Muslim Representation on TV is Still Lacking and One-Dimensional
According to a recent report from the USC Annenberg Inclusion Initiative, in the top 200 TV series in the U.S., the U.K., Australia, and New Zealand from 2018-2019, only 1% of the 8,885 speaking characters were Muslim, even though Muslims make up about 25% of the world’s population. There were also only 12 Muslim series regulars, and even these series regulars were representative of stereotypes, with 7 out of 12 being perpetrators or targets of violence. 87% of the 200 series analyzed in the report did not feature even one Muslim speaking character.
1% of 8,885 speaking characters on TV were Muslim.
Only 1% of Muslim voices wererepresented at all across 200 series that aired in the 2018-2019 season. Only 1% of 8,885 characters were made to reflect the experiences of 25% of the entire world’s population.
These numbers are staggeringly low. Although by 2022 there have been some high-profile shows that have helped to shift these numbers, including “Ramy,” “Mo,” “Ms. Marvel,” and “We Are Lady Parts,” This is a mere drop in the bucket. While the landscape may have evolved since 2019, it is unlikely that there was any substantial change in those three years.
We are currently celebrating milestones in film and television that we should have met years ago. It is still a relief to see a Muslim woman or girl on screen who does not feel oppressed by her religion. It is still a joy to find a Muslim character that does not have to face hate-fueled violence or accusations of being a terrorist. It is rare for us to see Muslims just existing, facing obstacles that don’t have anything to do with them being Muslim.
There is one caveat, however. As Muslims, we have dealt with stereotypes and misconceptions quite often, so for some, seeing a character go through that experience on screen is a representation that rings true. The problem is the scarcity of representation forces us to try and find all of our experiences represented in characters that are few and far between on TV.
This problem of scarcity also restricts the diversity of the Muslims on-screen. The USC Annenberg report also pointed out that 52% of Muslims on screen were of MENA (Middle Eastern and North African) descent and 28.6% were South Asian. Muslims make up the most diverse religious group in the world. The Muslim representation on screen does not reflect the diversity of the actual community. Simply including Muslim characters is not enough; It is imperative to ensure that they reflect the diverse experiences and cultural backgrounds of Muslims today all around the world.
“Ms. Marvel,” now streaming on Disney+, was praised for its Muslim representation and portrayal of the Muslim community around the main character, Kamala Khan, However, it focused primarily on a Pakistani-American Muslim family. Kamala’s story did a great job of representing this particular community, but it cannot be made to reflect the experiences of every American Muslim. Every Muslim deserves to feel the same way Pakistani-American Muslims, and many South Asian Muslims in general, felt when they watched Ms. Marvel and saw their faith and experience reflected in a way that felt true to them. But with the current lack of diversity within the Muslim characters on screen, that is a goal that can only be achieved with drastic change.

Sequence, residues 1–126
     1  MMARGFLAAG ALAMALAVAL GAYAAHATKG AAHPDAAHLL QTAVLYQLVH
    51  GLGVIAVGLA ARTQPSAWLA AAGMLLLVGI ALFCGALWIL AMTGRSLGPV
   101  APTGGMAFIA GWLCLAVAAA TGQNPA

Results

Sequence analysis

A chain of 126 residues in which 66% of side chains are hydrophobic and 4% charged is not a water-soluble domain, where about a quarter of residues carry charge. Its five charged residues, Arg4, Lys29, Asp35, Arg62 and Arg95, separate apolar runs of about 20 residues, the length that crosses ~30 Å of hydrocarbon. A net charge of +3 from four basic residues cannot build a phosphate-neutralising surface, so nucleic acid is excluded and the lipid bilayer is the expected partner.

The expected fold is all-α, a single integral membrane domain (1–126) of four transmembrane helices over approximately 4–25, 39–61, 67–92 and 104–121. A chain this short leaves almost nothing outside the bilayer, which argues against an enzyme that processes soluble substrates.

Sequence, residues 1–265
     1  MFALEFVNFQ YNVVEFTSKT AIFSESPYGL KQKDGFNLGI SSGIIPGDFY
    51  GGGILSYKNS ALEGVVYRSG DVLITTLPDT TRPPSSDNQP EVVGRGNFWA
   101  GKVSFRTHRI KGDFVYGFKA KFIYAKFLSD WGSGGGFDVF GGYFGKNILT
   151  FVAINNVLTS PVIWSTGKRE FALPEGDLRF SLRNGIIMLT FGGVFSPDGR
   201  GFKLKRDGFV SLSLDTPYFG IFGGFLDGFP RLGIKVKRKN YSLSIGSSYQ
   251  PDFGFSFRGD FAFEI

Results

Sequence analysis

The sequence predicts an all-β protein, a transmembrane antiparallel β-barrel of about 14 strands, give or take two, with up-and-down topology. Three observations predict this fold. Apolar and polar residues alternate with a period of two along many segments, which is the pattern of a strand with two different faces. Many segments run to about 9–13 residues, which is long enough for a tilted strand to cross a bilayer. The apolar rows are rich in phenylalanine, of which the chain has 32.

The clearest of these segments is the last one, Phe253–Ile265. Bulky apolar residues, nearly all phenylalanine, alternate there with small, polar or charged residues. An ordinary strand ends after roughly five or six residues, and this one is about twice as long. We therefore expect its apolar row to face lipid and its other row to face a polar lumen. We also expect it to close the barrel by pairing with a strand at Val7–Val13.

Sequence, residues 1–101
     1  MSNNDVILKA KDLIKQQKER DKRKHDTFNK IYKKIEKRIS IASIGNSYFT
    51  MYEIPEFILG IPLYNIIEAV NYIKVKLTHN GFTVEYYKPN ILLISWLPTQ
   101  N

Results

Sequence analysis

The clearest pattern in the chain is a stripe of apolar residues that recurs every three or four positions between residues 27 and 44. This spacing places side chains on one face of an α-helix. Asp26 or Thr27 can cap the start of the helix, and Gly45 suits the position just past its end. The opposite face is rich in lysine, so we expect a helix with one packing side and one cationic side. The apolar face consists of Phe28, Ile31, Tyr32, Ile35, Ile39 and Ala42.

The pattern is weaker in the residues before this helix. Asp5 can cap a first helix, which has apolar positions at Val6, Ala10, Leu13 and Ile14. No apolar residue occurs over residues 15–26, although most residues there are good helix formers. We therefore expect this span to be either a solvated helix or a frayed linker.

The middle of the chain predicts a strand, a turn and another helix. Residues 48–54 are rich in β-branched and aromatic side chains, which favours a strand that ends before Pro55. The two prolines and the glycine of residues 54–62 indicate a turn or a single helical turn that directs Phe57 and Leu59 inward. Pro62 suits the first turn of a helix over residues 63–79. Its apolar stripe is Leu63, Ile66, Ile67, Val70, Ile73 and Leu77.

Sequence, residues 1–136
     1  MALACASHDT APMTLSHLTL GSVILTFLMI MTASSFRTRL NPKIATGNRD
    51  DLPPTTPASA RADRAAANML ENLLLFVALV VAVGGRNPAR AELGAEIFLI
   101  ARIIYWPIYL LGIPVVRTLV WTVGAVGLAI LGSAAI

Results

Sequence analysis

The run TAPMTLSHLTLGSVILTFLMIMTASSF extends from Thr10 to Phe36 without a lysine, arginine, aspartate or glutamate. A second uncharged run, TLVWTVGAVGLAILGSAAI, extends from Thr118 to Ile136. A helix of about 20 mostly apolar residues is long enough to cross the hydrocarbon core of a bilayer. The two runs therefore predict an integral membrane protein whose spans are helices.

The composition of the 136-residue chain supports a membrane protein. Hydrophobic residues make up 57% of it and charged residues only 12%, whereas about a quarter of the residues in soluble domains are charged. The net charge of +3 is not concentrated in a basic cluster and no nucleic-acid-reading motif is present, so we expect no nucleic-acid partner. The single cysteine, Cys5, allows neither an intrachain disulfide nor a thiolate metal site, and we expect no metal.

The calls for better representation cannot be answered by tokenization either. Season 2 of Netflix’s “Never Have I Ever” introduced a new character, Aneesa Qureshi, an Indian-American Muslim, to the show. As an Indian-American Muslim myself, I was so glad to see her character introduced, since since most South Asian Muslims represented on screen are Pakistani. However, beyond just a couple of Muslim mom and haram jokes, there was not much depth given to Aneesa’s identity as a Muslim. I would have loved to see her practicing her faith, but it felt like her character was just put in as a placeholder to point to so that the showrunners and writers could say, “look, here is a Muslim character.”
I was optimistic about the potential for Aneesa’s character, but my optimism fizzled out quickly when I realized her character wasn’t going to be used for anything more than a brief introspection for the main character, Devi, and a potential romance with another character. Aneesa is just one example of many hopes of mine that have been dashed by tokenized Muslim characters or characters that are informed by yet another stereotype. The report brought more attention to an issue that has existed for quite some time.
On Sept. 6, the Twitter account for the Inclusion Initiative tweeted, “Interesting. Our studies usually get some press. Pitching our new study on Muslims in episodic content. The response? Crickets. Literal silence. That sums up exactly where journalists and the TV business are on inclusion.”
The lack of acknowledgment of the problems with Muslim representation is also a large part of why so little progress has been made. There needs to be more attention paid to this as an issue that matters, especially considering how Muslims have been depicted and represented in the past (and sometimes, even now).
Muslim characters need to reflect a more diverse range of experiences, away from any association with violence or terrorism, and closer to representation that speaks to all kinds of Muslims. Muslims also need the opportunity to tell their own stories in a way that feels the most true to them.